The Lord said to Saint Paul, “My grace is sufficient for you, for my power is made perfect in weakness” (2 Cor 12:9). Our weakness is an opportunity for God to reveal his power. The circumstances of one’s life can limit one’s freedom to follow the moral law even if they know the moral law, especially in situations that demand heroic virtue. The pope says that it’s our conscience that can tell us when we are too weak to follow the moral law and what concrete actions God is calling us to in our circumstances. From Amoris Laetitia:

“Yet conscience can do more than recognize that a given situation does not correspond objectively to the overall demands of the Gospel. It can also recognize with sincerity and honesty what for now is the most generous response which can be given to God, and come to see with a certain moral security that it is what God himself is asking amid the concrete complexity of one’s limits, while yet not fully the objective ideal” (AL 303).

I get the sense from many Catholic preachers and pastors that they don’t understand human weakness. Their rhetoric gives the impression that God demands heroism from someone as soon as the Gospel is presented to them, laying on them the full burden of the moral law. This is how the pope describes Pelagianism. Again, from Gaudete et Exsultate:

“Those who yield to this pelagian or semi-pelagian mindset, even though they speak warmly of God’s grace, ‘ultimately trust only in their own powers and feel superior to others because they observe certain rules or remain intransigently faithful to a particular Catholic style’. When some of them tell the weak that all things can be accomplished with God’s grace, deep down they tend to give the idea that all things are possible by the human will, as if it were something pure, perfect, all-powerful, to which grace is then added. They fail to realize that ‘not everyone can do everything’, and that in this life human weaknesses are not healed completely and once for all by grace” (GE 49).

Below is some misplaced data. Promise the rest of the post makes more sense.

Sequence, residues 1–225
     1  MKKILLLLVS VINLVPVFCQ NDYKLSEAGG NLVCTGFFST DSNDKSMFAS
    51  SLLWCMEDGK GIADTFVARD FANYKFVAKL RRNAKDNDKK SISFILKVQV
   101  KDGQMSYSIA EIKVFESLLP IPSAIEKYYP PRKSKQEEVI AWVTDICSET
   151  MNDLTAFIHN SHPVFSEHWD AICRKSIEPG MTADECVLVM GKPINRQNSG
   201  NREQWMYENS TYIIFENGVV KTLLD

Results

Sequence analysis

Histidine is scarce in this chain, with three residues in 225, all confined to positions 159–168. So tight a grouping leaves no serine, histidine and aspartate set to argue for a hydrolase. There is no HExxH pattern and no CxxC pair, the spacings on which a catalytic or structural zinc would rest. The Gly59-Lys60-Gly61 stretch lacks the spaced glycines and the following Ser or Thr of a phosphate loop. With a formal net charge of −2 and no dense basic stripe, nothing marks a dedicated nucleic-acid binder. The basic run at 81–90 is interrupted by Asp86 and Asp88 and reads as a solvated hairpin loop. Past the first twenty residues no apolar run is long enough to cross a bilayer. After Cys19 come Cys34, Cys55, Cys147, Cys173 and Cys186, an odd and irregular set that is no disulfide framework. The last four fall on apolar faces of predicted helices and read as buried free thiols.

Reflecting on all of these teachings, I would say that heroic virtue isn’t our burden to carry as much as it’s God’s burden. What I mean is, God desires and invites us to be perfect as he is perfect, to theosis. However, we do not have the strength of will to act heroically without grace. It’s not that God acts for us, rather, we can’t act until he first acts on us.

The denial of human weakness warps our idea of God. If weakness isn’t acknowledged then “God’s grace is sufficient” is code for “just try harder.” And saying “just try harder” to the person who is weak could very well crush their spirit. It presents God as someone who demands the impossible. “As Saint Augustine taught, God commands you to do what you can and to ask for what you cannot” (GE 49). So in those moments when heroism is demanded in the face of weakness, we are simply called to do what we are able, even if it’s not the objective ideal, and also pray fervently to the Lord for the grace to reach, in His time, that ideal.

[Photo Credit: Marion on One Secret Mission]

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Paul Fahey lives in Michigan with his wife and four kids. For the past eight years, he has worked as a professional catechist. He has an undergraduate degree in Theology and is currently working toward a Masters Degree in Pastoral Counseling. He is a retreat leader, catechist formator, writer, and a co-founder of Where Peter Is. He is also the founder and co-host of the Pope Francis Generation podcast. His long-term goal is to provide pastoral counseling for Catholics who have been spiritually abused, counseling for Catholic ministers, and counseling education so that ministers are more equipped to help others in their ministry.